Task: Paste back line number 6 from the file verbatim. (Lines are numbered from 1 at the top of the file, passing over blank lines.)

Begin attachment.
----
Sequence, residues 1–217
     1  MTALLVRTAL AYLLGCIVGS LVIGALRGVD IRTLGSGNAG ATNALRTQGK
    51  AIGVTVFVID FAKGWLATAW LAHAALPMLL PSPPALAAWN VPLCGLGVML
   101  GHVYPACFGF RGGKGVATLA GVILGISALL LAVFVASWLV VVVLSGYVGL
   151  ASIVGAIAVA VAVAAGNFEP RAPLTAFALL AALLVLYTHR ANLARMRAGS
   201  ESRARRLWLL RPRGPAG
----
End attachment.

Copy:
   201  ESRARRLWLL RPRGPAG